The German government has raised its 2017 growth forecast for Europe's biggest economy to 2.0 percent, a sharp increase from its earlier estimate of 1.5 percent and the strongest rate since 2011. David Pollard reports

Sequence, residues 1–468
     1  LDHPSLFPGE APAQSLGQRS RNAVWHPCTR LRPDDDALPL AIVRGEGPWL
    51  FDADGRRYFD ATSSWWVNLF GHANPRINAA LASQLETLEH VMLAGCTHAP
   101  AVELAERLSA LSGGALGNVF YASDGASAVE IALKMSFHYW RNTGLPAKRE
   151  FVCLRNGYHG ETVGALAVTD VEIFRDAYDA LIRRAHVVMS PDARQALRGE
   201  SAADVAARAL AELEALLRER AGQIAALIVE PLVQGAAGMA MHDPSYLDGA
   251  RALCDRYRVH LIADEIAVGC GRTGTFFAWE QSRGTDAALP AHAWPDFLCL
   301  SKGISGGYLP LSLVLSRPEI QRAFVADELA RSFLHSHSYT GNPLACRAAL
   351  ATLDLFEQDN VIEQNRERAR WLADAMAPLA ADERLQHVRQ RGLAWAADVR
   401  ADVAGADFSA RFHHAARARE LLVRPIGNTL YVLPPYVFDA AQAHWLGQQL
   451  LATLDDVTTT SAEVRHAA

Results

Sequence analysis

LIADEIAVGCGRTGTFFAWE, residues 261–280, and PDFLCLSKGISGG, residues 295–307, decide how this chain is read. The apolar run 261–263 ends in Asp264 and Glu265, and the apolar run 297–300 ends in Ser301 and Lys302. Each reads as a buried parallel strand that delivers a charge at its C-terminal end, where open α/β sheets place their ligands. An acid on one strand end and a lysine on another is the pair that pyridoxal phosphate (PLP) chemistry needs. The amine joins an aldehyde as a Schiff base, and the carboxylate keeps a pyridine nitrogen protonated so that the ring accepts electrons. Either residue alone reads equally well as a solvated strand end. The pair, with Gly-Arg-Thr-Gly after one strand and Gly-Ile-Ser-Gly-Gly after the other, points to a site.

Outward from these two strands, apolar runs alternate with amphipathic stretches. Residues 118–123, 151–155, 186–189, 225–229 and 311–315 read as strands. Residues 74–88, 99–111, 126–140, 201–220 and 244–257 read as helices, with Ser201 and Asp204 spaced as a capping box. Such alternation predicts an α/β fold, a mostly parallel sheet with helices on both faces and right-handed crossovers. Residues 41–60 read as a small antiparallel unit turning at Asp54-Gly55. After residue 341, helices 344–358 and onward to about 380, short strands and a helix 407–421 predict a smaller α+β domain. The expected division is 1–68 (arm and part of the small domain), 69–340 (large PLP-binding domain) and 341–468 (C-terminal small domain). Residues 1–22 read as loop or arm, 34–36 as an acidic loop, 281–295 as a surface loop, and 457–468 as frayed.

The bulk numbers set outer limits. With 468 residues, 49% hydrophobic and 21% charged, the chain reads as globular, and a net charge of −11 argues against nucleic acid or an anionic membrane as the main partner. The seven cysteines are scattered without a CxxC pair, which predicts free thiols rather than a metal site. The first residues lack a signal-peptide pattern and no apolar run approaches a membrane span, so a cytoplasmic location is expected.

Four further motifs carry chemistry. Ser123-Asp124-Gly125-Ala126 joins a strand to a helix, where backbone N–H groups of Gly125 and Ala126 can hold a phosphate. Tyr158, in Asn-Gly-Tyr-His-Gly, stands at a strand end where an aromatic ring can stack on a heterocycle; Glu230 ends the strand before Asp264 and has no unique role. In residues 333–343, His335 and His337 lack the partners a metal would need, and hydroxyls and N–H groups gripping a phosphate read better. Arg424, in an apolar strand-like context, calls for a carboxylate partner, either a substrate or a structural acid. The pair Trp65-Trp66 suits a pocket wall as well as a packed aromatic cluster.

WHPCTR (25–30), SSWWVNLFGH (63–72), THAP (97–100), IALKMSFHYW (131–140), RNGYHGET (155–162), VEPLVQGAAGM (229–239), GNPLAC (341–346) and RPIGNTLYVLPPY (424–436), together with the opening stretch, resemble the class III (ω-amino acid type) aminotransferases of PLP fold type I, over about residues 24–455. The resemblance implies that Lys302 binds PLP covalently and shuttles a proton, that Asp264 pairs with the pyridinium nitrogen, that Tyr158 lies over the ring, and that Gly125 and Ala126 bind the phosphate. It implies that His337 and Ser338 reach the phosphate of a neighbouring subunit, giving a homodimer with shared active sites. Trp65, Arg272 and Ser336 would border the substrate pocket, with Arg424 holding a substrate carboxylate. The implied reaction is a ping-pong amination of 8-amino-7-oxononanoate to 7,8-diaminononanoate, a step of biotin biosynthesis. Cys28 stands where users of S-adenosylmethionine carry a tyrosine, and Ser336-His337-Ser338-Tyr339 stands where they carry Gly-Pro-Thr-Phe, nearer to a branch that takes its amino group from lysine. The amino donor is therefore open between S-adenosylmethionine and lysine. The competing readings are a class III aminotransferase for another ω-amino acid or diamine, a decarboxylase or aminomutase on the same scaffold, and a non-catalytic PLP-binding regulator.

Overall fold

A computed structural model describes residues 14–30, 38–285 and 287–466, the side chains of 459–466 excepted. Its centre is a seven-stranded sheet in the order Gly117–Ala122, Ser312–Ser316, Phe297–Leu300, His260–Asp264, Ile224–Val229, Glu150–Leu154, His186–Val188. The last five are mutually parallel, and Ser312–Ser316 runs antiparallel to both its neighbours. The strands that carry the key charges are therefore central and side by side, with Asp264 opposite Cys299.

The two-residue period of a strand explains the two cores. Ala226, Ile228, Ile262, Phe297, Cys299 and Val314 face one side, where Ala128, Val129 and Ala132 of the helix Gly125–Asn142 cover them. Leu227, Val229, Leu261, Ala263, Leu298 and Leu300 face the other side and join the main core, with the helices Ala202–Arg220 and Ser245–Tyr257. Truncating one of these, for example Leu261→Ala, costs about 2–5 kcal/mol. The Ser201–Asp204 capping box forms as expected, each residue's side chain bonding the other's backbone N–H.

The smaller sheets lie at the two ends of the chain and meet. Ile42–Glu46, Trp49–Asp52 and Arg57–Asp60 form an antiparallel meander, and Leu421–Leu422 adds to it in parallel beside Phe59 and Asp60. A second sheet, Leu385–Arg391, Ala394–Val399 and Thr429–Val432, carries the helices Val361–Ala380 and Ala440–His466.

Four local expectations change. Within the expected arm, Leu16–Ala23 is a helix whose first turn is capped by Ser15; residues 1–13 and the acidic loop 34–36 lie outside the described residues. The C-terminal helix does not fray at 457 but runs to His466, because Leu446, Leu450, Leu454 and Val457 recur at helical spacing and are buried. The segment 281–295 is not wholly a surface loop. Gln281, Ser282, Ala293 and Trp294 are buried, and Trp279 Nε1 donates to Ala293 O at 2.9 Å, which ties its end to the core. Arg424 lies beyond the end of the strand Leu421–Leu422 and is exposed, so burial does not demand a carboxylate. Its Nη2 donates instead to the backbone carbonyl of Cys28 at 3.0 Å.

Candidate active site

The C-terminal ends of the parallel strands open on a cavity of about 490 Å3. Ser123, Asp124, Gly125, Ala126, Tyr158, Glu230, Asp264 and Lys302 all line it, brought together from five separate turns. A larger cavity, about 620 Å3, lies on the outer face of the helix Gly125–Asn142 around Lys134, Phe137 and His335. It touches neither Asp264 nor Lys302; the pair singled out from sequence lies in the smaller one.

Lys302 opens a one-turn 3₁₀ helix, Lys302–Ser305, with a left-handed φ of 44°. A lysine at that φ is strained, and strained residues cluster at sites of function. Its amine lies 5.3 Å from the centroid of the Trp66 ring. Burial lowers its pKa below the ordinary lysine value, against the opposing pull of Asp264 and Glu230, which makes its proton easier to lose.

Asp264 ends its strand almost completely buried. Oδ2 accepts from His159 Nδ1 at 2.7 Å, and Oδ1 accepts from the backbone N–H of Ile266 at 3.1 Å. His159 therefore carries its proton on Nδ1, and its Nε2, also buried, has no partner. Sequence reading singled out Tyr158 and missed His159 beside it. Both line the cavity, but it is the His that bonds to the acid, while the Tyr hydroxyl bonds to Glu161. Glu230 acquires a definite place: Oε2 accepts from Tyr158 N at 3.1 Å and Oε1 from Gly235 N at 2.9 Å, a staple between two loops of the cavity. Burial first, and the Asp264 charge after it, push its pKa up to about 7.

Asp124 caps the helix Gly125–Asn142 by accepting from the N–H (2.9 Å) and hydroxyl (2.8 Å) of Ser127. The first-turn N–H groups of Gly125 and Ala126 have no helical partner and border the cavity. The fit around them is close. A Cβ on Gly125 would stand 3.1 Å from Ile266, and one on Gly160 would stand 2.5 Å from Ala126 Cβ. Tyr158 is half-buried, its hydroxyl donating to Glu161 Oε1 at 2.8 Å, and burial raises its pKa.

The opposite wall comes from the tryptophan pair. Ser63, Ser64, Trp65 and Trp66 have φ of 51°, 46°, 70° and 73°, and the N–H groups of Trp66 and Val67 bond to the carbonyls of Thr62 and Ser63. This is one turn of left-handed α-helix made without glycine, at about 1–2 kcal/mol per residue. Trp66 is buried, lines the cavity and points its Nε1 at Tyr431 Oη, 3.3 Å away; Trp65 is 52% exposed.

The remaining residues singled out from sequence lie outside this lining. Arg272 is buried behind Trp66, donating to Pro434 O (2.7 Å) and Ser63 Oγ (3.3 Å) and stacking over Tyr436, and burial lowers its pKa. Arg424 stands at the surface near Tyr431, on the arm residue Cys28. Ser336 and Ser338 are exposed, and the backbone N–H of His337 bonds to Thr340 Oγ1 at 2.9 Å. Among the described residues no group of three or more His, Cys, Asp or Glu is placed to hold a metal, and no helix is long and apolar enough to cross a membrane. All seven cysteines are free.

Think German economy, and most think big brand exports and bumper trade surpluses. But that is changing, according to its economy ministry. This year, exports may even account for less than imports, it says. Though growth, that's still on its way up. As robust domestic consumption takes over. (SOUNDBITE) (German) GERMAN ECONOMY MINISTER BRIGITTE ZYPRIES, SAYING: "Investment activity and employment have developed more dynamically than we expected in the spring. Strong domestic demand has contributed to this. We also have an upturn in the euro zone." Europe's largest economy now seen expanding by two per cent this year - that would be the best rate in six years - against a previous forecast of 1.5. With next year, 1.9 per cent pencilled. As for risks: they could still come from protectionism and geopolitical conflict. Brexit, it says, could hurt Britain more. (SOUNDBITE) (German) GERMAN ECONOMY MINISTER BRIGITTE ZYPRIES, SAYING: "We have already noticed a number of relocations from companies out of Great Britain to Germany where they are now setting up their headquarters." But another threat could come from the EU itself. The warning this time from Germany's IFO institute. (SOUNDBITE) (German) HEAD OF GERMANY'S IFO ECONOMIC INSTITUTE, CLEMENS FUEST, SAYING: "Euro parliament, euro zone budget, European finance minister - all those things won't solve the problems of the euro zone but rather aggravate them. ..... If we look at what happened in Catalonia, we get a taste of what threatens the euro zone should we turn this currency union into a so-called transfer union: small and wealthy countries will say 'goodbye'." Low borrowing costs may keep the economy on track. Even as many in Germany call for the ECB to ease back on stimulus. Though that could still be difficult amid low inflation rates. The ministry giving a 1.8 per cent estimate for this year - just 1.6 for next.